A Very Potter Sequel (2010): Actually primarily a prequel, this show is set during Harry’s “first year.” AVPS introduces Lupin and Sirius Black, and the main conflict concerns a time-traveling Lucius Malfoy attempting to kill Harry before he has a chance to defeat Voldemort in his “second year.” I saw this one as something of a let-down after the innovation of the Starkids’ previous show. It’s still good, but easily my least favorite of the bunch. Highlight: The “Lucius” actor channels David Bowie from Labyrinth, garbed in super-tight tights and prancing around the stage.
Starship (2011): This just might be my favorite of them all. The team returns to top form with another “original” show (though the story borrows heavily from Starship Troopers and The Little Mermaid, with a bit of Avatar / Pocahontas thrown in). The protagonist, Bug, a resident of a world populated with sentient insects, longs to be a “Starship Ranger,” a member of an interstellar military force similar to the Starship Troopers, Toy Story‘s Space Rangers, or really any “space marines” in contemporary media. The only problem – Starship Rangers are primarily human, while “bugs” are assigned a mission by their queen which they must follow until they die. Taking a page from Little Mermaid, Bug strikes a deal with the sinister Pincer (a huge scorpion), who has the capability to link Bug’s consciousness, Avatar style, into the body of a human. This allows Bug to befriend (or infiltrate) a group of real Starship Rangers who have crash-landed on the planet. Intrigue and conflict ensue as the two groups, human and insect, discover their mutual fear and hatred of one another (in a song strikingly similar to “Savages” from Pocahontas). Can Bug bridge the gap between the two worlds before both are destroyed? Highlight: Basically everything. But specifically, Dylan Saunders’ (“Dumbledore”) dual role as Pincer and Tootsy Noodles, a good ol’ farmboy Starship Ranger who falls in love with the crew’s defense robot, Mega-Girl, and summarily croons the most touching love ballad ever sung to a robot. Additionally, the various “bugs” are created with the group’s most intricate puppetry to date.
Holy Musical, Batman! (2012): A parody of the DC Comics universe. In this take, Batman (Joe Walker, AKA “Voldemort”) is by far the world’s most popular hero, with Superman (Brian Holden) relegated to the role of sadly sitting alone at his “Fortress of Solitude.” When a new foe emerges to lead Batman’s rogues gallery (the Joker-like “Sweet-Tooth,” played by new Starkid Jeff Blim), Batman and Superman must reconcile their differences and team up (with the rest of their “super friends”) to thwart the rising threat. This one was another down note for me, mostly because I felt it under-utilized Starkid stars Dylan Saunders (in bit parts as Green Lantern and Scarecrow) and Lauren Lopez [“Malfoy”] as Commissioner Gordon. Highlight: Alfred revealing that he made up Lucius Fox so that Batman would feel like he had more friends.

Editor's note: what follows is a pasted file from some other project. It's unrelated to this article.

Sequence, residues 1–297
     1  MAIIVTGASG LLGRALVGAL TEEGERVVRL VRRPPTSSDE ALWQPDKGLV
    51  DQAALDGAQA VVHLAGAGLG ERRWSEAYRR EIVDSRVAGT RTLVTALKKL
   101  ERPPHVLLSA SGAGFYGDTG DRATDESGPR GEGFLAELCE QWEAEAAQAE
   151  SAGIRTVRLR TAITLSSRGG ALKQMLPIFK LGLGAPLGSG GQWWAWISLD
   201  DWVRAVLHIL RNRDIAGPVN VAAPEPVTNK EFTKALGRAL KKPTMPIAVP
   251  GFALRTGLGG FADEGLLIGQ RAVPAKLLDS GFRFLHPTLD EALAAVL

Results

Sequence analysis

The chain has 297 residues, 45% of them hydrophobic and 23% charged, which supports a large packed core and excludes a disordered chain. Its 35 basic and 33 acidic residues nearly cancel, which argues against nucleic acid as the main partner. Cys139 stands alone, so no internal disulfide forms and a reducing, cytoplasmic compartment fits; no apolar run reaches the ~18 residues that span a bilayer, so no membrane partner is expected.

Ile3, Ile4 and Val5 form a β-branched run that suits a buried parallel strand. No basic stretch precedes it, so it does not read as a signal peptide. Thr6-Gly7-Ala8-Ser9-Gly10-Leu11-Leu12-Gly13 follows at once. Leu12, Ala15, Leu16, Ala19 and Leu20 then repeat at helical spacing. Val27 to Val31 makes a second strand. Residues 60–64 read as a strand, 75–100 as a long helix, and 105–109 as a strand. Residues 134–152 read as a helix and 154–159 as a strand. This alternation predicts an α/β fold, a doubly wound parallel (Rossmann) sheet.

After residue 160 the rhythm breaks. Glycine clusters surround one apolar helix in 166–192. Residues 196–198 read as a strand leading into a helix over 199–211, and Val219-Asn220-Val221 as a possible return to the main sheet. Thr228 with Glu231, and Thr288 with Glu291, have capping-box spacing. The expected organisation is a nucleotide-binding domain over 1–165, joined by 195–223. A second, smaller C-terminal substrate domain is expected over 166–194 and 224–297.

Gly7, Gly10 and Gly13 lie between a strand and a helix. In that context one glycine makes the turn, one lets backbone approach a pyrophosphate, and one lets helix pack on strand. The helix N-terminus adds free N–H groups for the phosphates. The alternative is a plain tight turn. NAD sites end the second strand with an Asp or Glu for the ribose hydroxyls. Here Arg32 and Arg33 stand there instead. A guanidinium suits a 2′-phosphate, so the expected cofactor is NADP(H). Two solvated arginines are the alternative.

A Very Potter Senior Year (2013): This one just might top Starship as the best show the team has ever done. Though only half-realized (it was put on as a staged reading at a Harry Potter convention), the show is nothing short of incredible. AVPSY is set in Harry Potter’s seventh year, and Harry and friends are getting ready to bid their school goodbye. But they are thrown back into the fray for one last adventure when Tom Riddle, Voldemort’s younger self, begins regaining power through his enchanted boyhood diary. Highlight: Again, everything. The entire show is about saying goodbye: Harry saying goodbye to Hogwarts, the world saying goodbye to the Harry Potter franchise, and the Starkids saying goodbye to “Harry” actor Darren Criss. Highlights: A scene in which Harry has journeyed to Godric’s Hollow, only to find that a statue of him that once stood there has been demolished, to be replaced with one of Spider-Man. “Oh. That’s okay, I guess,” he says. “I love Tobey Maguire.” But the construction worker (who may or may not be a spectral manifestation of Dumbledore) reveals that the statue is of Andrew Garfield. One franchise begets another, and the world simply has to move on. Another highlight: A.J. Holmes returns to the stage for the first time as Gilderoy Lockhart, charmingly smug in a performance almost as good as his Heart role.
Next year’s show is already underway. Twisted will combine the format of Wicked with the story of Aladdin, telling the classic tale from Jafar’s point of view and shining a sympathetic light on the vizier. I have no doubt that it will once again be a funny, well-written, and skillfully performed bit of musical theater from a group of stunningly creative young artists.
Brian Terrill is the host of television show Count Gauntly’s Horrors from the Public Domain. You can keep up with Brian’s 100 Film Favorites countdown here.